You can still find some Boy Scouts in New York, but the number has dwindled; last year, Manhattan had fewer than 500 registered Boy Scouts with fewer than 4,500 citywide.

Forgotten are scouting’s deep roots in New York. In 1910, the organization set up its first national headquarters at 200 Fifth Ave., just off Madison Park in the building later known as the Toy Center. That year, Teddy Roosevelt and John D. Rockefeller lauded Sir Robert Baden-Powell, founder of the scout movement, at a dinner held in his honor at the Waldorf-Astoria.

Back then, the scouts had friends in high places here. In 1927, Franklin Roosevelt, then head of the New York City Boy Scout Foundation, arranged a deal to buy 11,000 acres of land along the Delaware that would become Ten Mile River Scout Camp — one of the largest in the world.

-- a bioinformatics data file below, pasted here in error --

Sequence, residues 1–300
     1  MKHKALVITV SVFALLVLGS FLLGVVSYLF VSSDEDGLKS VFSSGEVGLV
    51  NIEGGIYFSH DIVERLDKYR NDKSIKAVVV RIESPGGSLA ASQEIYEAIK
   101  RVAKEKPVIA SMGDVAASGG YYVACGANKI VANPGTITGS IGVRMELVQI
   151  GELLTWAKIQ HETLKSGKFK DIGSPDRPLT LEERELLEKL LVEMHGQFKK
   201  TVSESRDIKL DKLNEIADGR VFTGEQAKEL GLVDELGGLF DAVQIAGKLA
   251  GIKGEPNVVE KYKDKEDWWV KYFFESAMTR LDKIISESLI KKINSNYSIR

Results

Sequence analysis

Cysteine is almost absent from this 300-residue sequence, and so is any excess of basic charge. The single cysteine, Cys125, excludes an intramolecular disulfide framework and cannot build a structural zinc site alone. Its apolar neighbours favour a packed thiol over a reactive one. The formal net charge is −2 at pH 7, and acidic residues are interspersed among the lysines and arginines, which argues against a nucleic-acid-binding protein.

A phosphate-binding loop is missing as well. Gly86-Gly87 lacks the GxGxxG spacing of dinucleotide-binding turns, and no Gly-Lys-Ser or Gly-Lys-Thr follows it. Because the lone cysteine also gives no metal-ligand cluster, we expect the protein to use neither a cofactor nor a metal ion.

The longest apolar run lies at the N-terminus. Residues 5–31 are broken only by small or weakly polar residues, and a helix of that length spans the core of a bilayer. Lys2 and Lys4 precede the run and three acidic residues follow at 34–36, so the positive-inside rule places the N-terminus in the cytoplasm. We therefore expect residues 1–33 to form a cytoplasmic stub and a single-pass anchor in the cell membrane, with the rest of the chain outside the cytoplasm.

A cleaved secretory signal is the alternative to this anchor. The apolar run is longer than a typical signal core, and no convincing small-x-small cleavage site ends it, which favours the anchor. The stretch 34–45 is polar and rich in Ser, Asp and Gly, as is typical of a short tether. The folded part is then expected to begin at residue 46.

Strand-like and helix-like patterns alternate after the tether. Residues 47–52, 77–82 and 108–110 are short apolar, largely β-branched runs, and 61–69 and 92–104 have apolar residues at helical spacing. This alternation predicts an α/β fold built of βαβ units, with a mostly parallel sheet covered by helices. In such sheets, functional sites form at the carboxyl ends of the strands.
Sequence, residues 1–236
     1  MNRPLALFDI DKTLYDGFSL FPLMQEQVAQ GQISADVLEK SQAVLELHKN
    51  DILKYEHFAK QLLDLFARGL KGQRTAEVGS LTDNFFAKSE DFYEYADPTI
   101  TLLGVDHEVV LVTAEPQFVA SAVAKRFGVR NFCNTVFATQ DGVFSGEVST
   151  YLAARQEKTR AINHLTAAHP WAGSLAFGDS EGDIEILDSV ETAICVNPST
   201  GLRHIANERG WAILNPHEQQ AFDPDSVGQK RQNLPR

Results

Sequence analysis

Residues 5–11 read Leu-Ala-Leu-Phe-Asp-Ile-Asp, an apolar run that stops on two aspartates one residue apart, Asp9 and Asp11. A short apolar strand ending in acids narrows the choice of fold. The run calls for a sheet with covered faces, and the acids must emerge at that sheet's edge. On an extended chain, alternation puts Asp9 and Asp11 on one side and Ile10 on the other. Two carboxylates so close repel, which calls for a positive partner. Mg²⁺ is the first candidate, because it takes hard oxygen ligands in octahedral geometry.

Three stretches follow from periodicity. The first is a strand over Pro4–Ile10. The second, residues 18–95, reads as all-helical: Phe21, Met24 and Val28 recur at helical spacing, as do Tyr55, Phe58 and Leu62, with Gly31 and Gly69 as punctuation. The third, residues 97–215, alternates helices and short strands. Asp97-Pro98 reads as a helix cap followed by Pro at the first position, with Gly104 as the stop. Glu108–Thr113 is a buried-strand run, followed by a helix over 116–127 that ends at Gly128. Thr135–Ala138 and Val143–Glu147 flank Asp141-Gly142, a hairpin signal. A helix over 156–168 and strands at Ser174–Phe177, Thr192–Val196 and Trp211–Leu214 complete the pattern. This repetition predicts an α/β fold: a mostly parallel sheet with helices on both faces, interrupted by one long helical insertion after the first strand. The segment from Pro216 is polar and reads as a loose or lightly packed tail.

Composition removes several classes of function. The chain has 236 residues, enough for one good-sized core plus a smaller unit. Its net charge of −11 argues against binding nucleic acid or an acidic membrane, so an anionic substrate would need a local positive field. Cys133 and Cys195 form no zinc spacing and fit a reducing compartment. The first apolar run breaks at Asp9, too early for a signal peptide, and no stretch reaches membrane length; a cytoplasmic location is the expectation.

In 1952, Eleanor Roosevelt presented an award to the 250,000th Scout to attend Ten Mile River. In the early ’60s, more than 12,000 New York scouts camped there each summer.

Last summer, fewer than 1,400 city scouts camped at Ten Mile River. The venerable Camp Pouch on Staten Island is up for sale. And the national headquarters left Fifth Avenue long ago — the organization is now run from an office park in Texas.

A legal victory for the national group was the latest setback for New York City scouts. In spring 2000, Boy Scouts won the right to exclude gays from membership — a policy roughly equivalent to that of the US military.

New York institutions reacted by abandoning the Boys Scouts. City government barred them from meeting or recruiting in public schools. Politicians, celebrities and business leaders who had long championed scouting abandoned the program. Charitable donations — which mostly helped boys in poor neighborhoods — slowed to a trickle.